Lawn Flamingos

Quite some time ago, I did a blog post about my flamingo collection and recently my friend, Gail, sent me this article that appeared in the Mental Floss blog about the history of the pink plastic flamingo.  Well several years ago when Peter was selling antiques in Chelsea, one day he saw this couple walking towards his booth.  He noticed them right of because they were wearing almost identical clothes in terms fabric.  Turns out that she made all of their clothes, including overcoats!!  He had a little chat with them and told them about how his wife has one of their flamingos in the guest bath tub.  Yes, it is stuck in the handle of the shower doors. LOL.

Well here is the article as well as a link to my two flamingo posts.



Queen of Kitsch: A Brief History of the Plastic Pink Flamingo

by Haley Sweetland Edwards – June 28, 2011 – 1:55 PM

With the season of backyard barbecues upon us, we thought you could use a history lesson on everyone’s favorite lawn ornament. From the plastic bird’s birth to its modern perch atop the pyramid of campy Americana, here’s the quick-and-dirty on the hot pink queen of kitsch.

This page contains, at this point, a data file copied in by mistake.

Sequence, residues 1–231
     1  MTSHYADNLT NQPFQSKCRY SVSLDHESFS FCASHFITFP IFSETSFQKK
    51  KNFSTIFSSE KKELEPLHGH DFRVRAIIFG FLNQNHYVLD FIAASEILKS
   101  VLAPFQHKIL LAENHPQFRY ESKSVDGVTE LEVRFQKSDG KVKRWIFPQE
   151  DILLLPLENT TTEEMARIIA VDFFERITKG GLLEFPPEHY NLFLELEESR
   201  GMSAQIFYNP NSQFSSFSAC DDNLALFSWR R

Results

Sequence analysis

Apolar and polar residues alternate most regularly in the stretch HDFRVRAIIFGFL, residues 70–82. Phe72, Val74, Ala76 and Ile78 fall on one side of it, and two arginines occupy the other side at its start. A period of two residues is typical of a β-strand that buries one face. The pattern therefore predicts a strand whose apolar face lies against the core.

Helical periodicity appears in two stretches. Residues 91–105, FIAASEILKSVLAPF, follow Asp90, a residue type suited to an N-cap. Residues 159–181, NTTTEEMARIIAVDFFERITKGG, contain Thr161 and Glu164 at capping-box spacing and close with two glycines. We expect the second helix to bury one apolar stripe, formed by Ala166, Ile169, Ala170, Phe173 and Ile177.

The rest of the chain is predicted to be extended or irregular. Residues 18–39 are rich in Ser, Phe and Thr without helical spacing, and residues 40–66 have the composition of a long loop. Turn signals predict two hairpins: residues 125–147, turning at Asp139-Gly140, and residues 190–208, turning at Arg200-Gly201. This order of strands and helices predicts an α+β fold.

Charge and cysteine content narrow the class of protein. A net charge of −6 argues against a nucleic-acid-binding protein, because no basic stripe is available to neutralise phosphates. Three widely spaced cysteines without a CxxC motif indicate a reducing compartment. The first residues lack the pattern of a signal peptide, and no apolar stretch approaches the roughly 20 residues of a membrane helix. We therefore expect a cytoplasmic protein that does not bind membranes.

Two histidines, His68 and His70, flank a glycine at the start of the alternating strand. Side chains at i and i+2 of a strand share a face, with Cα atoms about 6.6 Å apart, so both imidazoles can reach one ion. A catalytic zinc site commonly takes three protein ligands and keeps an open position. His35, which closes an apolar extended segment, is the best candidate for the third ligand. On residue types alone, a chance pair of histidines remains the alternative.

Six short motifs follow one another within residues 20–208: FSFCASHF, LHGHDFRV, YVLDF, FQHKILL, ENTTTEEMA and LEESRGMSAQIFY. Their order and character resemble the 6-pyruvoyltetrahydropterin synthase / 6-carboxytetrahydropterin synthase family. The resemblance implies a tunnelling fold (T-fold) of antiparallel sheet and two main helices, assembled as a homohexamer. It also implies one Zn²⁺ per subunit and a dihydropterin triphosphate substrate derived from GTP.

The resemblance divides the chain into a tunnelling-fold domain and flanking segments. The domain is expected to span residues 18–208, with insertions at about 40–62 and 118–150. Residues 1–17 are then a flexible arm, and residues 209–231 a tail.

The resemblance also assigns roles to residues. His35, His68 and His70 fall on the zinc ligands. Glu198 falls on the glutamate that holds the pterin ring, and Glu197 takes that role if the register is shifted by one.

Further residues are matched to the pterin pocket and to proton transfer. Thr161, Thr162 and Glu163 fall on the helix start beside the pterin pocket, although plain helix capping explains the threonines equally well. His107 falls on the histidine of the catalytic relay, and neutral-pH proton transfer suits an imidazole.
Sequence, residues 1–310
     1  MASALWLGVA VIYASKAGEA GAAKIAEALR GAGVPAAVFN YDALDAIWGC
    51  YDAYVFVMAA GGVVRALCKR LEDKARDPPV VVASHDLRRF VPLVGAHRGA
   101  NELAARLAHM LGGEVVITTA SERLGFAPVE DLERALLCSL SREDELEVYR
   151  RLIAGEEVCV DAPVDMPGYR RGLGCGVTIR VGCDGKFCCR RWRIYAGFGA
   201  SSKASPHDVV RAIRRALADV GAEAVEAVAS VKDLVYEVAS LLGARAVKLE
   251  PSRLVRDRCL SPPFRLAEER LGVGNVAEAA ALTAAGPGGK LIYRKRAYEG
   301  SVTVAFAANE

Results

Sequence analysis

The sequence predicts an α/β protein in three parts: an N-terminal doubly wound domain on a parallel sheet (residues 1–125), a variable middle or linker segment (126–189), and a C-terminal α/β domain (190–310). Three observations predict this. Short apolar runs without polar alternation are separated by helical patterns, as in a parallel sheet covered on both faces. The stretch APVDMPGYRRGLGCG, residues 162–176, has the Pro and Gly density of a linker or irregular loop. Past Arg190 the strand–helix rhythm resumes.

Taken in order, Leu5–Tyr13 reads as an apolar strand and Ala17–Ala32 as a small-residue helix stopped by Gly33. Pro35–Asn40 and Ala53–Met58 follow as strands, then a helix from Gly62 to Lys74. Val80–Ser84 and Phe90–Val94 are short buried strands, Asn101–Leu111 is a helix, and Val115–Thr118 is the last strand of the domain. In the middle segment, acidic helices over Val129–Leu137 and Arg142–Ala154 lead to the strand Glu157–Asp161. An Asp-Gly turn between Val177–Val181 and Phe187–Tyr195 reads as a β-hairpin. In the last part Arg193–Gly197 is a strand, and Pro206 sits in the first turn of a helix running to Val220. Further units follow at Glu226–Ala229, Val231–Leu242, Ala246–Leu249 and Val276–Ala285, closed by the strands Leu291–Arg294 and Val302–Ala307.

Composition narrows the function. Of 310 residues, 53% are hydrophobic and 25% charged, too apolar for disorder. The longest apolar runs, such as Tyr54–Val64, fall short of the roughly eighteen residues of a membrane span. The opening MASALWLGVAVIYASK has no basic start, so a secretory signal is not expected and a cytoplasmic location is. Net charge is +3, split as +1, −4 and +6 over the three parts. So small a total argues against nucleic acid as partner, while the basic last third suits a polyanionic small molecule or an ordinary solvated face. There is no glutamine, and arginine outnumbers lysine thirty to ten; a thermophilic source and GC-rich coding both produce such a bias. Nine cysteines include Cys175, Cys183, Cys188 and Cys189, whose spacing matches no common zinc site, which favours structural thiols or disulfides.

The Birth of a National Icon

© Seth Resnick/Science Faction/Corbis

Perhaps not shockingly, the pink flamingo lawn ornament was invented in the same decade that polyester pants, pink washing machines, vinyl wallpaper and Naugahyde lounge chairs were cool. Flamingo fans worldwide owe their thanks to a man named Don Featherstone (pictured), a one-time employee of a plastics company called Union Products, who designed the first pink flamingo lawn ornament in 1957.

When they first hit stores, the blushing birds cost $2.76 a pair and were an immediate hit in working-class subdivisions from the Redwood Forest to the Gulfstream waters. This bird was made for you and me.

A (Brief) Fall from Grace

The 1960s were a decade of backlash against conformity, false experience, and all things Parental—including, evidently, Mom and Dad’s lawn décor. Hippies rallied against the plastics industry, cultural critics chastised all things “un-natural,” and home and garden magazines pleaded with people to abandon the gnomes, lawn jockeys and flamingos of yesteryear in favor of classier, more natural yard décor. By 1970, even Sears had stopped selling the pink flamingo, replacing the gaping hole in their garden department with natural-looking fountains and rocks, according to the historian Jennifer Price. Her book, Flight Maps (Basic Books, 1999), has a chapter on the plastic flamingo. It’s a must-read for flamingo aficionados.

And She’s Back!